Leonardo’s kitchen team has worked to improve each element of the pizzas every week since opening at the end of 2018.
“You’ve got to have a love for the actual craft of making pizza,” he says. “Don’t just open a pizza shop because it’s a trend or you want to make money. You’ve got to be obsessed with it because it’s something that has to keep getting nurtured.”
Using good ingredients is the key he says. Rather than defaulting to “processed fucking ham and out-of-the-packet toppings”, Leonardo’s pepperoni is made from scratch and specially engineered by Gary’s Quality Meats so that each disc curls into a cup when cooked – a throwback to the Australian pepperoni pizza dreams of his youth.
“Where I grew up in Tweed Heads, there was no Napolitana-style pizza. We had Eagle Boys, Domino’s and Pizza Hut and then your local takes on those styles,” says Stanton.
The Australian takeaway pizza, with its thick slices of green capsicum, button mushrooms and strips of squishy luncheon ham, is not an evolution of the traditional Margherita. Instead, it spawned from the American chain styles, or, the middleman.
“We were brought up in this artificial world of pizza with packet everything, not fresh ingredients. Whereas those original guys in America [who started the major pizza chains] would’ve used good ingredients to begin with, but then they turned it into a franchise, and they had to find ways to cut costs,” he says.
Now he says the question of quality ingredients shouldn’t even be asked of chefs opening pizza restaurants.
When Stanton talks to foodservice, he’s a month away from opening his new by-the-slice pizza joint, Leo’s, in the former site of Ramblr in Prahran. (Leo's is now open.)
The pizzas will be directly influenced from the slices Stanton ate in New York on his most recent research trip. It’s “a slice version of what Leonardo’s is” but with a new slower 48-hour fermented dough that can handle being cooked, displayed, sliced, and cooked again to serve – the way New York slice is done. “I’m not reinventing the wheel, but hopefully trying to bring something to the table that’s good for our city,” he says.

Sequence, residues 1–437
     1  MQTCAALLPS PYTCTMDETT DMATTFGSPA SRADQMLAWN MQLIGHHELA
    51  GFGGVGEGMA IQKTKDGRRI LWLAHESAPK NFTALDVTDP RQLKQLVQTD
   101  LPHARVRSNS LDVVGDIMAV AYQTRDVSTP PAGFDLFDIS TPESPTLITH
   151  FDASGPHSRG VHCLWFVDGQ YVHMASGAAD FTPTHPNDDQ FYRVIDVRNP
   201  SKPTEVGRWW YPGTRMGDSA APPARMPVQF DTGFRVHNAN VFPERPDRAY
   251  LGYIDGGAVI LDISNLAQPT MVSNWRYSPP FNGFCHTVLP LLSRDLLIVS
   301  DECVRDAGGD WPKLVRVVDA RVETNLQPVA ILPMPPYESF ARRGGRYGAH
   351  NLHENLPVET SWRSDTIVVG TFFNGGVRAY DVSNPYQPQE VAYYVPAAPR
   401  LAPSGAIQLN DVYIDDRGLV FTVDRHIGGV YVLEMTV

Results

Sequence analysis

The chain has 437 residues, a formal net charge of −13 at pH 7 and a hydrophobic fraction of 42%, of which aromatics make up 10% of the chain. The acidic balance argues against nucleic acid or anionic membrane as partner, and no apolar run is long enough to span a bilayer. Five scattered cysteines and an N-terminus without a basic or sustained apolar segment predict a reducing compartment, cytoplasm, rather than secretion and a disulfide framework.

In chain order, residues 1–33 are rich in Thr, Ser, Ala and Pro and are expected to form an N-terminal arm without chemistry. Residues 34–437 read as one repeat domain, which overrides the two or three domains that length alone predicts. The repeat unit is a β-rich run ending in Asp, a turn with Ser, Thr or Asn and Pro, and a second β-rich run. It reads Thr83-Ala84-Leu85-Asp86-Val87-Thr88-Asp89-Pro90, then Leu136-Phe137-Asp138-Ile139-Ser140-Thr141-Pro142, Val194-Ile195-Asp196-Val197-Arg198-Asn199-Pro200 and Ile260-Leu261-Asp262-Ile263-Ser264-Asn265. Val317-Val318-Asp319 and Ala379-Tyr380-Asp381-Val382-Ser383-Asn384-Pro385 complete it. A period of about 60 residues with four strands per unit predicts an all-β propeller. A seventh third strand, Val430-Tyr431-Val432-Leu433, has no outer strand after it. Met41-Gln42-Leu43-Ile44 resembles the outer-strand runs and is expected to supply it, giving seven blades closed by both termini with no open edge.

Melbourne’s few existing New York-style slice shops are mainly open late at night for takeaway, compared to New York itself where slices are eaten at any time of day. Shawcross on Brunswick Street in Fitzroy, for example, doesn’t open until 5pm, “which is a sign they probably sell to the footy crowd and people on their way home from smashing cocktails at the Black Pearl,” says Stanton.
Despite Leo’s 30-seat bar behind the slice counter, Stanton says “it would really be nice to feed people not … just when they’re drunk”.
Melbourne has a hell of a lot of great pizza options, but with young chefs lovingly carrying it to new shores, Stanton is confident the pizza market will continue to grow.
“If you do something good, you’re not a cowboy, you put a bit of passion into it and tick all the boxes of good ingredients, everyone should want to eat it.
This article was first published in foodservice's July 2019 issue. Read the digital magazine here.